Galatians 4

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Read Galatians 4

What I am saying is that as long as an heir is underage, he is no different from a slave, although he owns the whole estate. The heir is subject to guardians and trustees until the time set by his father. So also, when we were underage, we were in slavery under the elemental spiritual forces of the world. But when the set time had fully come, God sent his Son, born of a woman, born under the law, to redeem those under the law, that we might receive adoption to sonship. Because you are his sons, God sent the Spirit of his Son into our hearts, the Spirit who calls out, “Abba, Father.” So you are no longer a slave, but God’s child; and since you are his child, God has made you also an heir.

Paul’s Concern for the Galatians

Formerly, when you did not know God, you were slaves to those who by nature are not gods. But now that you know God—or rather are known by God—how is it that you are turning back to those weak and miserable forces? Do you wish to be enslaved by them all over again? 10 You are observing special days and months and seasons and years! 11 I fear for you, that somehow I have wasted my efforts on you.

12 I plead with you, brothers and sisters, become like me, for I became like you. You did me no wrong. 13 As you know, it was because of an illness that I first preached the gospel to you, 14 and even though my illness was a trial to you, you did not treat me with contempt or scorn. Instead, you welcomed me as if I were an angel of God, as if I were Christ Jesus himself. 15 Where, then, is your blessing of me now? I can testify that, if you could have done so, you would have torn out your eyes and given them to me. 16 Have I now become your enemy by telling you the truth?

17 Those people are zealous to win you over, but for no good. What they want is to alienate you from us, so that you may have zeal for them. 18 It is fine to be zealous, provided the purpose is good, and to be so always, not just when I am with you. 19 My dear children, for whom I am again in the pains of childbirth until Christ is formed in you, 20 how I wish I could be with you now and change my tone, because I am perplexed about you!

Hagar and Sarah

21 Tell me, you who want to be under the law, are you not aware of what the law says? 22 For it is written that Abraham had two sons, one by the slave woman and the other by the free woman. 23 His son by the slave woman was born according to the flesh, but his son by the free woman was born as the result of a divine promise.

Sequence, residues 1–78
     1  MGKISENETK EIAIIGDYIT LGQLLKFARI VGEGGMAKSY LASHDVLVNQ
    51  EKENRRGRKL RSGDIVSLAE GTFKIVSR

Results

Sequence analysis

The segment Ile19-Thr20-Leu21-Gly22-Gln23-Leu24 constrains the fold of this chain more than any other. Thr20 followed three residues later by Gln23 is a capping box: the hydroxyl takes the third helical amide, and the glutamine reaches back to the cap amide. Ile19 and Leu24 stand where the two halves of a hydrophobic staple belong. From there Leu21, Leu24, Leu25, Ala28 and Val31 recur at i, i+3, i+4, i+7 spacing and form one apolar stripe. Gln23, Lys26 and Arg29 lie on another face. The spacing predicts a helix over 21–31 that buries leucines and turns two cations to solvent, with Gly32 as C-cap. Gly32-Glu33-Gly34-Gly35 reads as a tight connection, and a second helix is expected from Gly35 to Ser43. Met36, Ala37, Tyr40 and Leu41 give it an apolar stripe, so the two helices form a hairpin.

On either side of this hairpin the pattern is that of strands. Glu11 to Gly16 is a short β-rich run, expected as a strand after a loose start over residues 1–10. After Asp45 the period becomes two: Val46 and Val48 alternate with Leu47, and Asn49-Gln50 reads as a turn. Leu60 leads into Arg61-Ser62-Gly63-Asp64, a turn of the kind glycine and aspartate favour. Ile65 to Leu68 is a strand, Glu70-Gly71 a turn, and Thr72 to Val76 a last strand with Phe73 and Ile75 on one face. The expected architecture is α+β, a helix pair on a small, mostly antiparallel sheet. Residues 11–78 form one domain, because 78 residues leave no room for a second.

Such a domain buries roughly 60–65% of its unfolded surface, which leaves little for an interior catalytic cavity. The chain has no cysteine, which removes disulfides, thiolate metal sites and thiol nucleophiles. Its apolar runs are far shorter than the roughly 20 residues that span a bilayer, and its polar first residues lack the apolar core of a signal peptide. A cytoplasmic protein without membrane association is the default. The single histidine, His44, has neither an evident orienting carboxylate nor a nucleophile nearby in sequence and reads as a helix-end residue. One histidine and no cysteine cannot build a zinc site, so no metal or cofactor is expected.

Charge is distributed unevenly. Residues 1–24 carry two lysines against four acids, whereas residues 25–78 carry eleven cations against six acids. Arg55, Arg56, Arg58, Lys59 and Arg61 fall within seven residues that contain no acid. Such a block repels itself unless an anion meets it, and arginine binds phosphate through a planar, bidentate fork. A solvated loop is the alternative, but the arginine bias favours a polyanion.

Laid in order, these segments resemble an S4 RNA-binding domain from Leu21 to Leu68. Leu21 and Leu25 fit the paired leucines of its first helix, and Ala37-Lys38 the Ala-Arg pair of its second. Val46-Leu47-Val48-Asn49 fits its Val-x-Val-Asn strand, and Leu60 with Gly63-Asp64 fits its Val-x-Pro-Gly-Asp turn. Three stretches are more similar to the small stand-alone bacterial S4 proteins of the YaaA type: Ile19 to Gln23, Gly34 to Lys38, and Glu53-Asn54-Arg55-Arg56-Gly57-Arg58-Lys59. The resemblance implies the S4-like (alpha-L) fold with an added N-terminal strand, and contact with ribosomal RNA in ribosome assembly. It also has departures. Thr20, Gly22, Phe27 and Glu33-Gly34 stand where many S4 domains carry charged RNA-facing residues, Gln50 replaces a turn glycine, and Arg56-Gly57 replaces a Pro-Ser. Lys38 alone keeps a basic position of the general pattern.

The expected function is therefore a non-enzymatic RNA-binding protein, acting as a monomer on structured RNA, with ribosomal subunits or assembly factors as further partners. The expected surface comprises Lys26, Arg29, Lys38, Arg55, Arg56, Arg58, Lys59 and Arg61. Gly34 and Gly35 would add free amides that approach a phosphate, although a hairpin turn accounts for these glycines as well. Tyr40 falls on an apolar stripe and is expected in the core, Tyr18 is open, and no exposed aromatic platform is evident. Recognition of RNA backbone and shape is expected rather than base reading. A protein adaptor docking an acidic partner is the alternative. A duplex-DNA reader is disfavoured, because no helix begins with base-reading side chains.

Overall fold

24 These things are being taken figuratively: The women represent two covenants. One covenant is from Mount Sinai and bears children who are to be slaves: This is Hagar. 25 Now Hagar stands for Mount Sinai in Arabia and corresponds to the present city of Jerusalem, because she is in slavery with her children. 26 But the Jerusalem that is above is free, and she is our mother. 27 For it is written:

“Be glad, barren woman,
    you who never bore a child;
shout for joy and cry aloud,
    you who were never in labor;
because more are the children of the desolate woman
    than of her who has a husband.”
28 Now you, brothers and sisters, like Isaac, are children of promise. 29 At that time the son born according to the flesh persecuted the son born by the power of the Spirit. It is the same now. 30 But what does Scripture say? “Get rid of the slave woman and her son, for the slave woman’s son will never share in the inheritance with the free woman’s son.” 31 Therefore, brothers and sisters, we are not children of the slave woman, but of the free woman.

Go Deeper

Galatians is all about the freedom we find in Christ. Paul wrote this book to the churches he had founded in the Galatian region of modern-day Turkey. False prophets had infiltrated the churches claiming salvation by works. These false teachers claimed that all Christians needed to be circumcised according to Jewish tradition. Paul spends the first two chapters of the book  reminding the church of who Jesus is and His sacrifice on the cross that freed them from the works of the law. 

Paul then addresses their error in seeking justification from the Mosaic law. His message is simple: we are justified by faith, not by works. No one can perfectly keep the law. That is why Christ took on the curse of the law and the consequences for falling short.  Paul says, “When the set time had fully come, God sent his Son, born of a woman, born under the law, to redeem those under the law, that we might receive adoption to sonship” (v. 4-5). They were free from the law yet living as though still enslaved to it. They needed to understand that salvation is not found in following the law, but in trusting in the person of Jesus.